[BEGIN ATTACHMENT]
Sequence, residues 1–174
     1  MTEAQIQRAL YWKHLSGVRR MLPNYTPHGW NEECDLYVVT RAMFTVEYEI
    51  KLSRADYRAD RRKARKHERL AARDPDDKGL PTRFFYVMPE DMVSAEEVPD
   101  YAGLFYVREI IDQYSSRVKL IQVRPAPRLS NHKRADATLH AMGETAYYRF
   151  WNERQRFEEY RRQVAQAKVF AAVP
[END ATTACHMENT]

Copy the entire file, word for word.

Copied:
Sequence, residues 1–174
     1  MTEAQIQRAL YWKHLSGVRR MLPNYTPHGW NEECDLYVVT RAMFTVEYEI
    51  KLSRADYRAD RRKARKHERL AARDPDDKGL PTRFFYVMPE DMVSAEEVPD
   101  YAGLFYVREI IDQYSSRVKL IQVRPAPRLS NHKRADATLH AMGETAYYRF
   151  WNERQRFEEY RRQVAQAKVF AAVP